|
|
|
|
Search: 
Latin American Herald Tribune
Venezuela Overview
Venezuelan Embassies & Consulates Around The World
Sites/Blogs about Venezuela
Venezuelan Newspapers
Facts about Venezuela
Venezuela Tourism
Embassies in Caracas

Colombia Overview
Colombian Embassies & Consulates Around the World
Government Links
Embassies in Bogota
Media
Sites/Blogs about Colombia
Educational Institutions

Stocks

Commodities
Crude Oil
US Gasoline Prices
Natural Gas
Gold
Silver
Copper

Euro
UK Pound
Australia Dollar
Canada Dollar
Brazil Real
Mexico Peso
India Rupee

Antigua & Barbuda
Aruba
Barbados
Cayman Islands
Cuba
Curacao
Dominica

Grenada
Haiti
Jamaica
Saint Kitts and Nevis
Saint Lucia
Saint Vincent and the Grenadines

Belize
Costa Rica
El Salvador
Honduras
Nicaragua
Panama

Bahamas
Bermuda
Mexico

Argentina
Brazil
Chile
Guyana
Paraguay
Peru
Uruguay

What's New at LAHT?
Follow Us On Facebook
Follow Us On Twitter
Most Viewed on the Web
Popular on Twitter
Receive Our Daily Headlines


  HOME | Business & Economy (Click here for more)

Commonwealth Bank Admits Breaking Australian Anti-Money Laundering Laws

SYDNEY – The Commonwealth Bank, one of the four largest financial institutions in Australia, admitted Thursday that it had violated the country’s anti-money laundering and terror financing laws in the country and is facing a multi-million dollar fine.

The bank acknowledged the irregularities in its defense filed Wednesday night as parts of the civil proceedings launched in August by the Australian Transaction Reports and Analysis Center (AUSTRAC), which accuses the bank of violating the law after in some 53,500 transactions between November 2012 and September 2015.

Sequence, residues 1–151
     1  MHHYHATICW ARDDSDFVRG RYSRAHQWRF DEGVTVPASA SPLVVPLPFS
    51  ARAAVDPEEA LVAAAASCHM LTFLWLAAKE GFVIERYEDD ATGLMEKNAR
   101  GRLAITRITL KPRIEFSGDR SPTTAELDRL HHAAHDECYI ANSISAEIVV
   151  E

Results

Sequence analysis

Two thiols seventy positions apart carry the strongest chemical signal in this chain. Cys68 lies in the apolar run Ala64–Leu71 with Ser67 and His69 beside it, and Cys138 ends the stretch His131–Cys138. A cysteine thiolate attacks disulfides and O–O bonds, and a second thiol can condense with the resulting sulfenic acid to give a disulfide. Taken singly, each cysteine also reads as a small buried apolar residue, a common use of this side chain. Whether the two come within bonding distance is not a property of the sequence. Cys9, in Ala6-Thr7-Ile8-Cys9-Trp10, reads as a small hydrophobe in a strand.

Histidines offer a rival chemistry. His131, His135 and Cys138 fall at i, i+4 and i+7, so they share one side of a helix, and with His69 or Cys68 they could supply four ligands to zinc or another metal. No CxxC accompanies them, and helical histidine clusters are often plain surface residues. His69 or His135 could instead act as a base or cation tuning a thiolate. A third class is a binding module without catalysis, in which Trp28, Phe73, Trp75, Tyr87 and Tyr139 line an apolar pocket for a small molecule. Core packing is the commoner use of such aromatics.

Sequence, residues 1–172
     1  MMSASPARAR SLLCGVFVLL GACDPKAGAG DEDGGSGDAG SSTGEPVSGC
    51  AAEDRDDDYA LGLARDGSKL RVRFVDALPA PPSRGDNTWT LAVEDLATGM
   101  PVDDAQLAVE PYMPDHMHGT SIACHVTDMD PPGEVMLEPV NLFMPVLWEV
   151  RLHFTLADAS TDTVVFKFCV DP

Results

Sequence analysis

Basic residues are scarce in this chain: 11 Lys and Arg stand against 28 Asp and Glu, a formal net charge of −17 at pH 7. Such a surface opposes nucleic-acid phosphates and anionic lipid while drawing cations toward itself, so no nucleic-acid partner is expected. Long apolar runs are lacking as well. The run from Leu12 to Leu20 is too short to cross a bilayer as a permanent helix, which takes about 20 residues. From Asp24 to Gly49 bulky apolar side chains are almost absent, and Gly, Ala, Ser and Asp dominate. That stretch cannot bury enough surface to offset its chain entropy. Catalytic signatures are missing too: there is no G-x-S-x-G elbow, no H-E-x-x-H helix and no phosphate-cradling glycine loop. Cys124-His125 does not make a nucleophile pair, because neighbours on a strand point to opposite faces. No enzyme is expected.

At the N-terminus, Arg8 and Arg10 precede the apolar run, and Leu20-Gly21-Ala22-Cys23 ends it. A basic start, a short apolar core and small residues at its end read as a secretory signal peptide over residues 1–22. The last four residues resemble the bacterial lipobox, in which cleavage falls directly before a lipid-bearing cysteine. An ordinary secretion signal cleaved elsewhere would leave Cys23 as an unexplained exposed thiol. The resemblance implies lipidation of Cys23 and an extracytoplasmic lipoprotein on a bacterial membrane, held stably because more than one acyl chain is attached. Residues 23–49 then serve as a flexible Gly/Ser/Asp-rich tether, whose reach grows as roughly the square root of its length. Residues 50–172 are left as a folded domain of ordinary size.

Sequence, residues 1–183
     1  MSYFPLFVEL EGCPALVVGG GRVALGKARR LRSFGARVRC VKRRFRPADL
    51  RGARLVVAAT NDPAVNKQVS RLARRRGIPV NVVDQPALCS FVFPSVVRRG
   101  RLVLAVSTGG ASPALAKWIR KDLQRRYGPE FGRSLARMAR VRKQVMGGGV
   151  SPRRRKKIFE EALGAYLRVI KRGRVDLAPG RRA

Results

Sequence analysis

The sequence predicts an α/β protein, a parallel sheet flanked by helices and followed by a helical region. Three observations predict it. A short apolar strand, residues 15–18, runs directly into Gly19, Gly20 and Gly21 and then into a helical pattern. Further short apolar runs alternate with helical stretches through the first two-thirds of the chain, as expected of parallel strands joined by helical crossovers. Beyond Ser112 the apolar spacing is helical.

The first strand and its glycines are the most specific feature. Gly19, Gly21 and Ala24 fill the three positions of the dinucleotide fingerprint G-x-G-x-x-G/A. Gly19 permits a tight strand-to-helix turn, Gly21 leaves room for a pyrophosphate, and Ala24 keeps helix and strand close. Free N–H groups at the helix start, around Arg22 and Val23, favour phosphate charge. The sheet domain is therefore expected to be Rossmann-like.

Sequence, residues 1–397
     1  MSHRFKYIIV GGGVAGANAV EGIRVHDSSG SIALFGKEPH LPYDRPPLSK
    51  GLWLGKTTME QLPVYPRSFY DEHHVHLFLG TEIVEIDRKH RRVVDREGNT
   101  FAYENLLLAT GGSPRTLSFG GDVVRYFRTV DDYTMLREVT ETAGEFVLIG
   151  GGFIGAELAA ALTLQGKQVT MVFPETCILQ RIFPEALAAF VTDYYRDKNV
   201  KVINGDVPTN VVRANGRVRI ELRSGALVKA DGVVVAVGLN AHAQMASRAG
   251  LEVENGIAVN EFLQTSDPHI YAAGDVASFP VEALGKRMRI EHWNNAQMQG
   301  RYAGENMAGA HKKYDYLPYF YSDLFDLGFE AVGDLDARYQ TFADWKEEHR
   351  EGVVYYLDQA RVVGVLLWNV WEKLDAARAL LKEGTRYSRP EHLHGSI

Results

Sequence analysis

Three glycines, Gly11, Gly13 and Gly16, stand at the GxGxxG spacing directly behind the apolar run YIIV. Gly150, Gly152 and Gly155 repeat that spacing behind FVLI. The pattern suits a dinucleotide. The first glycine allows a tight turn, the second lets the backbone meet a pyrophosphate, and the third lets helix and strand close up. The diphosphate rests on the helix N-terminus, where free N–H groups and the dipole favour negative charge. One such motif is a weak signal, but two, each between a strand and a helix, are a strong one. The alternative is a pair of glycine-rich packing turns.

According to AUSTRAC, the bank failed to report transactions of above AU$10,000 ($7,630) within ten days, as required by Australia’s anti-money laundering laws.

In a statement, the Commonwealth Bank attributed the delay in submitting reports to system-related errors, and assured that since 2015, it has taken steps as part of its Program of Action “to strengthen and improve our financial crimes compliance.”

According to the lawsuit, the financial institution allowed its Intelligent Deposit Machines to transfer up to AU$20,000 ($15,265), by check or cash, without daily limits on the number of transactions.

The unreported irregular transactions are estimated to be around AU$624.7 million ($476 million).

AUSTRAC plans to present its response to the bank’s defense on March 16.

Commonwealth Bank shares dropped by one percent during the morning trading session on Thursday.

 

Enter your email address to subscribe to free headlines (and great cartoons so every email has a happy ending!) from the Latin American Herald Tribune:

 

Copyright Latin American Herald Tribune - 2005-2018 © All rights reserved